Science-Minded Skeptic Says Conspiracy Theories Are Nonsense, But He’s Pretty Interested in Conspiracy Hypotheses

Science-Minded Skeptic Says Conspiracy Theories Are Nonsense, But He’s Pretty Interested in Conspiracy Hypotheses

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Local Republican city councilman Dan Boyds says that the hysteria over coronavirus really needs to settle down, especially since the virus hasn’t killed “an appreciable number of [his] own friends.”

Boyds says that he thinks that the death toll is overstated. Last week a man got “gobbled by a shark, and it was COVID death,” he said, which he found “kinda suspicious, honestly.”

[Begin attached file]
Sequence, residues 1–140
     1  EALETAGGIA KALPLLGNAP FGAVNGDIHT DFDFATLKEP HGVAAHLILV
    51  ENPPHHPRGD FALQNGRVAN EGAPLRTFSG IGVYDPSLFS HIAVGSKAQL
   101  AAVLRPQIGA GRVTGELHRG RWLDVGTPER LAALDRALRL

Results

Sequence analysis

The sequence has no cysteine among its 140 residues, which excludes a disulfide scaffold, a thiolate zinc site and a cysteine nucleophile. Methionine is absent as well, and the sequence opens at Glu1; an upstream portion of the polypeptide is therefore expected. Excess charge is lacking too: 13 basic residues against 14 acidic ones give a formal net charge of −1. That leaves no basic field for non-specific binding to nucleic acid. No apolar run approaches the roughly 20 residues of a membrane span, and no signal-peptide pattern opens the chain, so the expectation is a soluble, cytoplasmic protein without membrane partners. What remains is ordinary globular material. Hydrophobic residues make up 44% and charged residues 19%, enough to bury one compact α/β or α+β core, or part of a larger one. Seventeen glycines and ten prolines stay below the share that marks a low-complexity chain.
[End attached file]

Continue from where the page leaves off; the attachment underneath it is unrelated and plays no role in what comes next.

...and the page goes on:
When queried as to whether or not he believes in conspiracy theories, he quickly said that he doesn’t. As a local doctor of homeopathy, he’s very science-minded. “Conspiracy theories aren’t a thing,” he chided reporters. “They’re conspiracy hypotheses, because they won’t let us test them.”

He did list a number of very persuasive conspiracy hypotheses which he believes on balance are more likely true than false, such as: the World Trade Centers were bombed by the government, airplanes produce chemtrails to control the masses, the moon landing was faked, and the earth absolutely isn’t round. Additionally, while not a theory or hypothesis, he said it’s a known fact that essential oils cure cancer while vaccines cause it.


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